Getting Everyone on the Same Page
Over a dozen development partners are supporting the Government of Bangladesh’s health reform strategy; getting a comprehensive overview of who’s doing what used to be quite a challenge. Now it’s become easier: since GIZ helped to create a knowledge management platform, communication within the Development Partners Consortium has been streamlined and its work has become more transparent, both for its members and for the interested public.
A massive effort to improve health
Over the period 2011-2016, Bangladesh’s Ministry of Health and Family Welfare is implementing an ambitious strategy to improve priority health services for the country’s 156 million residents and to strengthen the performance of its health system in line with the Millennium Development Goals. At a total cost of USD 7.7 billion, the Health, Population and Nutrition Sector Development Program (HPNSDP) is one of the largest health reform programmes in the world.
Dhaka - Bangladesh © Thomas Kelly
The current five-year programme is the third in a series of such approaches, the first of which was introduced in 1998 as a way to bring order to an increasingly complex and inefficient development assistance landscape. Since Bangladesh’s independence in 1971, non-governmental organisations (NGOs) and international development partners have played an enormous role in the evolution of the country’s health system. Stand-alone projects and vertical programmes proliferated and were successful in reducing morbidity, mortality and the total fertility rate in the country. However they were poorly coordinated, leading to duplication and financial waste.
Although the health sector landscape in Bangladesh is still fragmented and pluralistic, the global push to make development assistance more harmonised and efficient is beginning to bear fruit. At present, a core group of 17 development partners – including, on behalf of Germany’s Federal Ministry for Economic Cooperation and Development (BMZ), the Deutsche Gesellschaft für Internationale Zusammenarbeit (GIZ) and KfW Entwicklungsbank – is aligning its support for the health sector with the strategy developed by the Government of Bangladesh.
Navigating a crowded playing field
Aligning development assistance with an agreed strategy may sound straightforward, but in practice it is far from simple. Bangladesh’s national health reform strategy is dauntingly complex, with 32 separate operational plans – one for each of the Ministry of Health and Family Welfare’s 32 line directorates – and an overarching project implementation plan which runs to more than 300 pages.
For development partners like GIZ – which provides technical assistance and doesn’t contribute to the pooled fund, as many larger development partners do – it is particularly important to be aware of what others are doing and to take into account lessons which have been learned from previous efforts. Unfortunately, however, institutional memory tends to be short in Bangladesh, due in part to the regular turnover of personnel in the Ministry of Health and Family Welfare, as well as within development organisations. As a result, it is not uncommon for research to be commissioned on questions which have been studied before, or for ‘pilot’ approaches to be introduced which have already been attempted in a similar form elsewhere.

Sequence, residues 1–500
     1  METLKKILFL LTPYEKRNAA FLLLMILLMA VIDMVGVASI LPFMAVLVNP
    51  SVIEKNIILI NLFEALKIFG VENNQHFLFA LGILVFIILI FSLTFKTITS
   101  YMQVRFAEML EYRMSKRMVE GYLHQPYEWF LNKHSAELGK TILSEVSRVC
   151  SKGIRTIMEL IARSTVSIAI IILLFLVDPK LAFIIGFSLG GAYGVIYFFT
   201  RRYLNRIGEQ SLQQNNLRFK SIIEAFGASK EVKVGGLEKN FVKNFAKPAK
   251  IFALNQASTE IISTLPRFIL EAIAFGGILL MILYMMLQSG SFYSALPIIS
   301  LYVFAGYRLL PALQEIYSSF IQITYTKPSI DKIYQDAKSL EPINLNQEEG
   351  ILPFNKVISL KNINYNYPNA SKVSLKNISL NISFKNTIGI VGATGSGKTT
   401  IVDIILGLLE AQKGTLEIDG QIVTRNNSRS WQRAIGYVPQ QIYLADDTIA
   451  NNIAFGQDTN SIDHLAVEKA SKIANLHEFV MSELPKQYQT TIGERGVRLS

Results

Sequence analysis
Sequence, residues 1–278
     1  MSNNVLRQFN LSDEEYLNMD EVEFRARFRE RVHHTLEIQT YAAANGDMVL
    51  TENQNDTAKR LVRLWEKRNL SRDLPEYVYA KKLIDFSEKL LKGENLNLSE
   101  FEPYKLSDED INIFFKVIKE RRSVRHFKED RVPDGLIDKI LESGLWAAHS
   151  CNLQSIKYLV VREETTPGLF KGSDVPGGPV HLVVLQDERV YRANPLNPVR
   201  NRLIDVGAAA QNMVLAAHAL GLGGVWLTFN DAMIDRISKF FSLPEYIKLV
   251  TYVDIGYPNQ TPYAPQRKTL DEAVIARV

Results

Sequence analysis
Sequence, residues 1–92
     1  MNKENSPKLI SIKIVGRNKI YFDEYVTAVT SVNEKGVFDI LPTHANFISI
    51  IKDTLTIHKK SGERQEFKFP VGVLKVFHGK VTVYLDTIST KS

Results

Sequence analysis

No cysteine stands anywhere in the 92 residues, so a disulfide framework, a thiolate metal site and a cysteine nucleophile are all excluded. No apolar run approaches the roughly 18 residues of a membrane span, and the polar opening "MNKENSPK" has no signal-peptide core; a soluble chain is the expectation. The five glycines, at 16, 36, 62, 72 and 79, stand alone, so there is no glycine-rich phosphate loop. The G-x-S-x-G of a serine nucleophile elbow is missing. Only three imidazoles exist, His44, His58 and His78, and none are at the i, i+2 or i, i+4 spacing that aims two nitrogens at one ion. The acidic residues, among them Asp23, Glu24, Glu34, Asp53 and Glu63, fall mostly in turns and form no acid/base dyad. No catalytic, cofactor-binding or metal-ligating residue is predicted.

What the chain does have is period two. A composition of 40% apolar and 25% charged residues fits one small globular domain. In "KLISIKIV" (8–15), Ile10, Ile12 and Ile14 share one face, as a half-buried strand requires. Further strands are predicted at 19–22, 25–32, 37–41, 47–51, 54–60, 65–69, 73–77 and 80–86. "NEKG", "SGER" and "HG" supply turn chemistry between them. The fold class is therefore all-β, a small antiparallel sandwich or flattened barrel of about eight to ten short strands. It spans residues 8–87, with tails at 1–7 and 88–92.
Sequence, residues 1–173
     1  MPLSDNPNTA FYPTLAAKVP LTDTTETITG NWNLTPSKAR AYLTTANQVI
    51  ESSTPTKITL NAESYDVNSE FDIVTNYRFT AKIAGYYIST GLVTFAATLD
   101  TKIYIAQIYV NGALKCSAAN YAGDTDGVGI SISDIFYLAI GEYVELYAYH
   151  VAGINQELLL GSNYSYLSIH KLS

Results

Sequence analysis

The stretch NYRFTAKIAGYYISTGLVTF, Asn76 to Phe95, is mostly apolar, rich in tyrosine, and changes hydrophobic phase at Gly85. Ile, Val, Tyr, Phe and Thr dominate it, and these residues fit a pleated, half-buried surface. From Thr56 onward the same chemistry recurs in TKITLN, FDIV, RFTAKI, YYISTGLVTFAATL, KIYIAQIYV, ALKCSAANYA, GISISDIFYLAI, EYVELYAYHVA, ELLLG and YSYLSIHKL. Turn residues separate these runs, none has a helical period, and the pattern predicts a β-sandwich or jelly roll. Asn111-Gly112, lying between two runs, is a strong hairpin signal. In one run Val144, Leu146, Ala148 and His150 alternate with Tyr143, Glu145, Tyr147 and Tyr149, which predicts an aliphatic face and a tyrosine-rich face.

In order to direct their contributions to greatest effect, development partners need up-to-date, comprehensive information about the major initiatives being undertaken in the health sector – and access to the main results and outputs from these efforts. But for Kelvin Hui, a technical advisor with GIZ’s Support to the Health Sector Programme, it was exactly this which was missing when he arrived in Bangladesh in 2011.
Bangladesh is a popular setting for pilot projects and research studies, but has lacked a central clearinghouse for information about the results of these varied initiatives © GIZ
Internet searches yielded thousands of research studies, evaluation reports and programme documents about health in Bangladesh, but there was no central repository of information to which he could turn. ‘The only formal resource was the Ministry of Health and Family Welfare’s website,’ Hui recently recalled, ‘and the information available there was limited in scope.’ He needed to quickly get the lay of the land, but instead spent a lot of time locating important strategic documents, piecing together the history of earlier health reform strategies in the country, and coming up with an overview of the work of various development partners by visiting their individual web pages.
A one-stop resource for the Bangladesh health sector
Hui and his colleague Karsten van der Oord, a technical advisor on knowledge management, saw an opportunity to address this gap through GIZ’s engagement with the Development Partners Consortium, a coordinating mechanism established to improve coordination and harmonisation of development assistance for health. They proposed to lead the development of an online knowledge management platform – modelled on a similar tool they had developed for GIZ in Indonesia some years earlier – and to provide technical backstopping for the project until June 2014.
‘This was an exciting project for us,’ says Mobasser Hussain, the chairman of Zanala Bangladesh, a Dhaka-based software development company which created the site. ‘The moment we heard about it we were immediately convinced. To our knowledge there had never been a platform like this before in Bangladesh.’